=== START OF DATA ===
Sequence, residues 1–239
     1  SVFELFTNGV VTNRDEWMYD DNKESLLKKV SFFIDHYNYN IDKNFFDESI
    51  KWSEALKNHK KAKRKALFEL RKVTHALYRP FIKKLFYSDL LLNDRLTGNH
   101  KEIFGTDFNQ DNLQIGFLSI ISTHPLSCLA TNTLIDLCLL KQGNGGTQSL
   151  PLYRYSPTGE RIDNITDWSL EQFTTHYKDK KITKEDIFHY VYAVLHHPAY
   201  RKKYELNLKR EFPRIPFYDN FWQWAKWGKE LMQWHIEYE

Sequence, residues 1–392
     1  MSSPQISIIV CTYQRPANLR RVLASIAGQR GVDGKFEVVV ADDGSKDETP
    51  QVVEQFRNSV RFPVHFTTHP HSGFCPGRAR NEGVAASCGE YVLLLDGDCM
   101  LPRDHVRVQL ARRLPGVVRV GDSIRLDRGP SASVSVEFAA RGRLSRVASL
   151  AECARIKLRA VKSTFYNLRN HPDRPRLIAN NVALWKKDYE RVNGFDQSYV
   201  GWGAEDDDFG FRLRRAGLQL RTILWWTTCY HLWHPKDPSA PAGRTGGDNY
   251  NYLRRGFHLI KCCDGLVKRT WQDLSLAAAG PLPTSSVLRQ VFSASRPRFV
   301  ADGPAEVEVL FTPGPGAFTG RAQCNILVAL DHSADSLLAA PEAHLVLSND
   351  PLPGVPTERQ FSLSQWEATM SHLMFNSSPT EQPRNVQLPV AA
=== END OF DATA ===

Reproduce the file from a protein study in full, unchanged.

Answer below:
Sequence, residues 1–239
     1  SVFELFTNGV VTNRDEWMYD DNKESLLKKV SFFIDHYNYN IDKNFFDESI
    51  KWSEALKNHK KAKRKALFEL RKVTHALYRP FIKKLFYSDL LLNDRLTGNH
   101  KEIFGTDFNQ DNLQIGFLSI ISTHPLSCLA TNTLIDLCLL KQGNGGTQSL
   151  PLYRYSPTGE RIDNITDWSL EQFTTHYKDK KITKEDIFHY VYAVLHHPAY
   201  RKKYELNLKR EFPRIPFYDN FWQWAKWGKE LMQWHIEYE

Sequence, residues 1–392
     1  MSSPQISIIV CTYQRPANLR RVLASIAGQR GVDGKFEVVV ADDGSKDETP
    51  QVVEQFRNSV RFPVHFTTHP HSGFCPGRAR NEGVAASCGE YVLLLDGDCM
   101  LPRDHVRVQL ARRLPGVVRV GDSIRLDRGP SASVSVEFAA RGRLSRVASL
   151  AECARIKLRA VKSTFYNLRN HPDRPRLIAN NVALWKKDYE RVNGFDQSYV
   201  GWGAEDDDFG FRLRRAGLQL RTILWWTTCY HLWHPKDPSA PAGRTGGDNY
   251  NYLRRGFHLI KCCDGLVKRT WQDLSLAAAG PLPTSSVLRQ VFSASRPRFV
   301  ADGPAEVEVL FTPGPGAFTG RAQCNILVAL DHSADSLLAA PEAHLVLSND
   351  PLPGVPTERQ FSLSQWEATM SHLMFNSSPT EQPRNVQLPV AA